• Corticosteroid therapy is commonly used as a first line treatment and improves the symptoms in most cases
    • Immunosuppression (eg, cyclophosphamide, azathioprine, cyclosporine A) may be used as a second line
  • Treatment for underlying disease is also essential for secondary LIP
Gross description
  • Ill defined lesion
  • Mild increase in lung weight
Microscopic (histologic) description
  • Diffuse interstitial infiltration of polymorphous lymphocytes and plasma cells
    • Lymphoid follicles with germinal centers, histiocytes and macrophages are often present
    • Bronchovascular bundles and interlobular septa are usually involved
    • Alveolar structure is often inflated and disrupted
    • Typically CD8+ or CD4+ T cells or B cells predominate, with an admixture of other lymphocytes
    • Immunohistochemistry or molecular testing are necessary to confirm polyclonality
  • Additional findings
    • Loose ill defined epithelioid granulomas
    • Interstitial or intra-alveolar giant cells
    • Intra-alveolar macrophages
    • Type II pneumocyte hyperplasia
    • Cyst formation without marked fibrosis
  • Pertinent negative findings
    • Loose and dense fibrosis (more common in fibrotic / cellular nonspecific interstitial pneumonia (NSIP))
    • Fibroblastic focus (more common in usual interstitial pneumonia or fibrotic NSIP)
    • Honeycomb change (more common in usual interstitial pneumonia or fibrotic NSIP)
    • Organizing pneumonia (more common in hypersensitivity pneumonitis)
  • See: Respirology 2016;21:600, Chest 2002;122:2150, Am J Respir Crit Care Med 2002;165:277
Microscopic (histologic) images

Images hosted on PathOut server:

Contributed by Akira Yoshikawa M.D.

69 year old woman with a 1 year history of mouth dryness presented with mild dyspnea, dry cough and abnormal chest Xray. ANA and anti-ssDNA antibody were elevated. Two open lung biopsies of S9 were performed:

Biopsy 1

Low power

Bronchovascular bundle

Granuloma and lymphocytes

Septal thickening

Giant cells and lymphocytes

Massive lymphocytic infiltration

Biopsy 2

Low power

Lymphocytic infiltration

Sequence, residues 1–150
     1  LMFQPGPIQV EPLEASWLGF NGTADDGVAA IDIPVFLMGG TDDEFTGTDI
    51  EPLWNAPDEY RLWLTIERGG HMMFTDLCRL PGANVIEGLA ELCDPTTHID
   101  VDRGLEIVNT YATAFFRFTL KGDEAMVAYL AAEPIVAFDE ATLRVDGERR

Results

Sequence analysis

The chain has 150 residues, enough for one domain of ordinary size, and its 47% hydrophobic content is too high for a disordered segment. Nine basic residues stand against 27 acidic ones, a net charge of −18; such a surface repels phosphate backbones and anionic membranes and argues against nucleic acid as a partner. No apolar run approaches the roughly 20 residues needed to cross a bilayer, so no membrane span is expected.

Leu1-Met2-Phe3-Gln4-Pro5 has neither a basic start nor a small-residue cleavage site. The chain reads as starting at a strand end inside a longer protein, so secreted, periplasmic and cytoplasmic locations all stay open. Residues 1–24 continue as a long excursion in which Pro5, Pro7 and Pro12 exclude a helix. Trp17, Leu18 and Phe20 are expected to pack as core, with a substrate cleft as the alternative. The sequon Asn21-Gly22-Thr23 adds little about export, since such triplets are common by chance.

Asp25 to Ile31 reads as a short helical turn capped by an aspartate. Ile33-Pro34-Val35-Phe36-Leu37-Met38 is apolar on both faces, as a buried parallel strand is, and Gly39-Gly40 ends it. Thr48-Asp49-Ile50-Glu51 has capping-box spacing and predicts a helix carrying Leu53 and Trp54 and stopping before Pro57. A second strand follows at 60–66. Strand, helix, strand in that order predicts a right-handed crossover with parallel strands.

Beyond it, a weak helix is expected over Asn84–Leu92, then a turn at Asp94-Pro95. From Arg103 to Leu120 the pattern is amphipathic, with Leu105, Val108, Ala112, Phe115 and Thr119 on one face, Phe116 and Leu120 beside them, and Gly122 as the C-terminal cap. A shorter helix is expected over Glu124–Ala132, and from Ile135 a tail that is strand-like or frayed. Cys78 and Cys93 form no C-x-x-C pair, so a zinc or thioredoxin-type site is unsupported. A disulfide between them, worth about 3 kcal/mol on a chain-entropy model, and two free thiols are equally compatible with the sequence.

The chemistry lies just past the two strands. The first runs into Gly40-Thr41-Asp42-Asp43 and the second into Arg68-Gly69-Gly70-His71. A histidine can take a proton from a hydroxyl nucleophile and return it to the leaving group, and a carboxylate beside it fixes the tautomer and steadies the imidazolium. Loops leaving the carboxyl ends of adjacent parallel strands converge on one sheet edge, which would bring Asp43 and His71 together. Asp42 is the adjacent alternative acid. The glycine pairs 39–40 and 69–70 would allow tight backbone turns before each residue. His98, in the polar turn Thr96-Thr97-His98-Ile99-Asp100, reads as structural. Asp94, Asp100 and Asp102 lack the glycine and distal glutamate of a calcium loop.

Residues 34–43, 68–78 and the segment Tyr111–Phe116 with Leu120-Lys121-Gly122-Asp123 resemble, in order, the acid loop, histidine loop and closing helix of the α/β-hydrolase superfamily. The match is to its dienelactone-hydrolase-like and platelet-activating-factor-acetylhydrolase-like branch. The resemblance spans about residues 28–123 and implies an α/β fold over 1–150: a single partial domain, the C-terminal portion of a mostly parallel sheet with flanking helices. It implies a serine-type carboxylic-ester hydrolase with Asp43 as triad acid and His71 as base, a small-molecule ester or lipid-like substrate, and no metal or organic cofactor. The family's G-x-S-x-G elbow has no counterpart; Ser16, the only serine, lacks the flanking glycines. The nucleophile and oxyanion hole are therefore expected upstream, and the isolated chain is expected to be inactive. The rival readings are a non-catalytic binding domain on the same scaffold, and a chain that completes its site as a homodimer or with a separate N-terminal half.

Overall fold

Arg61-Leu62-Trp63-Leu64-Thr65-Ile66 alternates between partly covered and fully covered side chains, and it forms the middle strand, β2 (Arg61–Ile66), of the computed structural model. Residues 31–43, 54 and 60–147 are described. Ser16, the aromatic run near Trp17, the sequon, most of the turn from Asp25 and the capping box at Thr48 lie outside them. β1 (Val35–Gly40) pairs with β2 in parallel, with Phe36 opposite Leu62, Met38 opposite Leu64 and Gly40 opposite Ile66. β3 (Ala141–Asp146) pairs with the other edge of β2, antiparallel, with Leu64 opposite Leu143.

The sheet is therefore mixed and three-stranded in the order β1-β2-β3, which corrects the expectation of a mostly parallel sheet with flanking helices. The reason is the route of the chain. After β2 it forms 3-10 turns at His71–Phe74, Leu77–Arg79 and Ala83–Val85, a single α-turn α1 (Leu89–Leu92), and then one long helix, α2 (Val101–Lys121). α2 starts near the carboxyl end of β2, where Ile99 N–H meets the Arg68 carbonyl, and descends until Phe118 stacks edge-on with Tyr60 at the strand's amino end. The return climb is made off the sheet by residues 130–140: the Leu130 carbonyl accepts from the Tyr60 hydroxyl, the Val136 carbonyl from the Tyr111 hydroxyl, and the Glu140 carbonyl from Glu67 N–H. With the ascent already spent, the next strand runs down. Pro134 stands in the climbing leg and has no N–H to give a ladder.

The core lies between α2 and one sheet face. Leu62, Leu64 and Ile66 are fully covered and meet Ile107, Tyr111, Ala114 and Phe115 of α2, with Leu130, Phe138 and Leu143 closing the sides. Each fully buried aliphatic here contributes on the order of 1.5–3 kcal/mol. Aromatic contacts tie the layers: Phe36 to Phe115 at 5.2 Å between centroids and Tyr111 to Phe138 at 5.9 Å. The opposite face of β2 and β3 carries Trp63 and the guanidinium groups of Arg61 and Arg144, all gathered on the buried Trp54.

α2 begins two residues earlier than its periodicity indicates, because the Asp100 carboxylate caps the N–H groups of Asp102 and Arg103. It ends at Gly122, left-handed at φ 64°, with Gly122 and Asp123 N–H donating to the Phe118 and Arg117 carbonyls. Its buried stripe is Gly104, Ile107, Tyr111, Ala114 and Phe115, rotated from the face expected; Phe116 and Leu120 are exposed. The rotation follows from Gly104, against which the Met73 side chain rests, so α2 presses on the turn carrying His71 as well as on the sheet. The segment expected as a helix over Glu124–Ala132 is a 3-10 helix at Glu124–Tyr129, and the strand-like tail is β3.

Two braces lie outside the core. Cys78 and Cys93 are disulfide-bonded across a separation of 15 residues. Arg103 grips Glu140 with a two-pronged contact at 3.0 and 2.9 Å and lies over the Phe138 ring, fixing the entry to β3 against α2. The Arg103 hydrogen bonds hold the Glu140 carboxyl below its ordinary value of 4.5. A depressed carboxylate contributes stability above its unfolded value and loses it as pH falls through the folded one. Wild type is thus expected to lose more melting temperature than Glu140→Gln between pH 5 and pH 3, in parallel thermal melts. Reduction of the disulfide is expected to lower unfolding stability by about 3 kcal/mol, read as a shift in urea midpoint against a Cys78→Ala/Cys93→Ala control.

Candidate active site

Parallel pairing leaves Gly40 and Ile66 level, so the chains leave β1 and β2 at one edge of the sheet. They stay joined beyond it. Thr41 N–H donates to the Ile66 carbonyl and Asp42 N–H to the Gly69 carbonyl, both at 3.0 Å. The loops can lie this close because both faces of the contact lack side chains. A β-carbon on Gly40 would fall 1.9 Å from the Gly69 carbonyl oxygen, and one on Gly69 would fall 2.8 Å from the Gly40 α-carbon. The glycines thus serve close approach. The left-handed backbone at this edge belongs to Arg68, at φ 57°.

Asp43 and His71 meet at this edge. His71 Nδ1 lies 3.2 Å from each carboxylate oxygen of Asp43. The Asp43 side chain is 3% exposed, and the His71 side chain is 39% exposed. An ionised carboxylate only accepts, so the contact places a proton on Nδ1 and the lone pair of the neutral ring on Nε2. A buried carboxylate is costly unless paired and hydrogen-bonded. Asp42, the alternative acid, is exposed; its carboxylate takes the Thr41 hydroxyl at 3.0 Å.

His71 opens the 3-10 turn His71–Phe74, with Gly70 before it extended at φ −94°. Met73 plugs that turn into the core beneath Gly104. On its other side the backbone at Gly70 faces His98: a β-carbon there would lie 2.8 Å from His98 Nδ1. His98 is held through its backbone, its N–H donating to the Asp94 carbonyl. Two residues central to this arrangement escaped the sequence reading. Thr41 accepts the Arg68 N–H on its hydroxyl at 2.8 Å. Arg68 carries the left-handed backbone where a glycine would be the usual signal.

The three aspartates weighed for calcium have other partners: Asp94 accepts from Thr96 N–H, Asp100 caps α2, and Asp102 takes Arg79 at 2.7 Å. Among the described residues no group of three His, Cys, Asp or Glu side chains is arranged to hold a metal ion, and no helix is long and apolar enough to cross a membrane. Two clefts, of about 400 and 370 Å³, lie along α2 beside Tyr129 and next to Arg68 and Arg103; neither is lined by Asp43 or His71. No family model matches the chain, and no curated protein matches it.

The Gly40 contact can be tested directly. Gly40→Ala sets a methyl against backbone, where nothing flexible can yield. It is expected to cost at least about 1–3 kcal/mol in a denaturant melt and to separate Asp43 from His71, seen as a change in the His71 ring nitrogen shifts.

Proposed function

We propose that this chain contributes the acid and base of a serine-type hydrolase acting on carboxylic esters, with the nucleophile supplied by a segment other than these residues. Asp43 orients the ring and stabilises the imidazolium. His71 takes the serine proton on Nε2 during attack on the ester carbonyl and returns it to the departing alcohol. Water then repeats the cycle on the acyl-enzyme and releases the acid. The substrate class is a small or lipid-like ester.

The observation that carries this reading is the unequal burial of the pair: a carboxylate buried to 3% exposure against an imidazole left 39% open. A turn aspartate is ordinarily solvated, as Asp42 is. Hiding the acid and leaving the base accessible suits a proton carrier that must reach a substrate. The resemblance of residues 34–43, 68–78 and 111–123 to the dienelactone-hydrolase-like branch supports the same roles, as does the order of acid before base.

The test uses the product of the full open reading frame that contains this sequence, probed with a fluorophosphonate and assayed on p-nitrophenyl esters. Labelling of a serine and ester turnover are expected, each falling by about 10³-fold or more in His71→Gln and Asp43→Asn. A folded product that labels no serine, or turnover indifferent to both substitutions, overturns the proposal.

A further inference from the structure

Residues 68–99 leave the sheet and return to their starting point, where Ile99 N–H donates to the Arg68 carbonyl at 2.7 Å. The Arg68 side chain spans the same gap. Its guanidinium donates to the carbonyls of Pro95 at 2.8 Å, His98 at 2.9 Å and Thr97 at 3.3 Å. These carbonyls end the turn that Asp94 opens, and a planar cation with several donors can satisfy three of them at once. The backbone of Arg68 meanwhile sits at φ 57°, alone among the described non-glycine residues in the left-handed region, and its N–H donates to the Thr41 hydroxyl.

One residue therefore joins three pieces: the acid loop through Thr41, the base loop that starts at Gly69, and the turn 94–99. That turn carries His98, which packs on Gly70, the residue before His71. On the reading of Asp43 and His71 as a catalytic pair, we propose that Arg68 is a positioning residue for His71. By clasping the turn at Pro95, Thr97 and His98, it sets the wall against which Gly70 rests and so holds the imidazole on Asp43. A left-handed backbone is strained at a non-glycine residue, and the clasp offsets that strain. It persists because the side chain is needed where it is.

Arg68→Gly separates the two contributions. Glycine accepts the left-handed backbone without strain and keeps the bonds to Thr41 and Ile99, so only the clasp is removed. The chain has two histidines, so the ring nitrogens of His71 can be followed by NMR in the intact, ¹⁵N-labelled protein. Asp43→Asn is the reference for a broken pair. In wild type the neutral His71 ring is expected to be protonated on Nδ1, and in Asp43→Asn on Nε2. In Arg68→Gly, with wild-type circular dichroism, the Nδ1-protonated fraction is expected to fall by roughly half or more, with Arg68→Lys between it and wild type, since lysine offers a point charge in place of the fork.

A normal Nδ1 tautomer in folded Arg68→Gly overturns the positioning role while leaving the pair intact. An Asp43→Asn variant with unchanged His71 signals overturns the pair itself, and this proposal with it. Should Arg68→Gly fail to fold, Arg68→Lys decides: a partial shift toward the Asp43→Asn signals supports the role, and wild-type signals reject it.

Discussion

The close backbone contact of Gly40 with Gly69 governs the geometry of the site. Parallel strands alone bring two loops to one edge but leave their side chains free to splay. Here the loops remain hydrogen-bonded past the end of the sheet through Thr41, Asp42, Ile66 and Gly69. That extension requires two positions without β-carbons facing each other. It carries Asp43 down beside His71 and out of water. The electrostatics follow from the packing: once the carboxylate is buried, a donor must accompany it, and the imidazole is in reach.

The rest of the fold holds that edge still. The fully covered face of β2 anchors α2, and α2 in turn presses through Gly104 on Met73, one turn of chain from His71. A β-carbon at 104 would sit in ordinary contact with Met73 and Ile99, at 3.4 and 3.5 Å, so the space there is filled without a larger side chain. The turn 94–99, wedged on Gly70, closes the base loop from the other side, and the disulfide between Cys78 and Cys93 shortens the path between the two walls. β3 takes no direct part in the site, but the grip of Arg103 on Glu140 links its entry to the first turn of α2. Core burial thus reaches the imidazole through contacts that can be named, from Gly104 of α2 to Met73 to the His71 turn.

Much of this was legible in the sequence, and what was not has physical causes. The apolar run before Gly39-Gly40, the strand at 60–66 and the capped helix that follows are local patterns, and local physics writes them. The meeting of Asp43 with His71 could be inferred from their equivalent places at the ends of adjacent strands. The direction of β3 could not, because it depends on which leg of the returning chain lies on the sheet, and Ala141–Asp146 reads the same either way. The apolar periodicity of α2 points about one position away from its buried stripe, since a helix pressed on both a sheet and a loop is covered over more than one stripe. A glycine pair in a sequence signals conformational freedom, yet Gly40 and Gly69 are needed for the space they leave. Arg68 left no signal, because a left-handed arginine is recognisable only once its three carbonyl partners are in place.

Architectural destruction

Giant cells and lymphocytes

Contributed by Dr. Yale Rosen

Diffuse cellular pattern

Lymphoplasmacytic infiltration

Images hosted on other servers:


Numerous lymphoid follicles

EBV related LIP

Cytology description
  • Increase in the number of lymphocytes (especially CD8 positive) of bronchoalveolar lavage, without clonality (Eur Respir J 2006;28:364)
Positive staining - disease
Molecular / cytogenetics description
  • EBNA ISH and EBER ISH are helpful to detect EBV infection
Differential diagnosis
  • Follicular bronchitis / bronchiolitis
    • Lymphocytic infiltration into bronchial / bronchiolar walls with multiple lymphoid follicles
    • No or slight lymphocytic aggregation in intralobular septa
  • Hypersensitivity pneumonitis (HP)
    • History of an antigen exposure such as animals, birds and chemicals
    • Less diffuse but bronchocentric distribution
    • Loose ill defined granuloma and giant cells can be seen in both LIP and HP
  • Lymphoma, especially mucosa (bronchus) associated lymphoid tissue lymphoma
    • Monomorphous infiltration of lymphocytes, distortion of alveolar architecture, Dutcher bodies, pleural infiltration are more common in lymphoma
    • Immunohistochemistry is often helpful
  • Nonspecific interstitial pneumonia
    • Lymphoplasmacytic infiltration is also seen in NSIP but less severe
    • Alveolar structure is usually preserved compared with LIP
Board review question #1
Which of following is not usually seen in this entity?

  1. Cyst formation
  2. Giant cells
  3. Honeycomb change
  4. Lymphocytic interstitial infiltration
  5. Nonnecrotizing granuloma
Board review answer #1
C. Honeycomb change. Lymphoid interstitial pneumonia is predominantly a cellular interstitial pneumonia. Fibrotic processes such as dense fibrosis or honeycomb change usually exclude a diagnosis of LIP.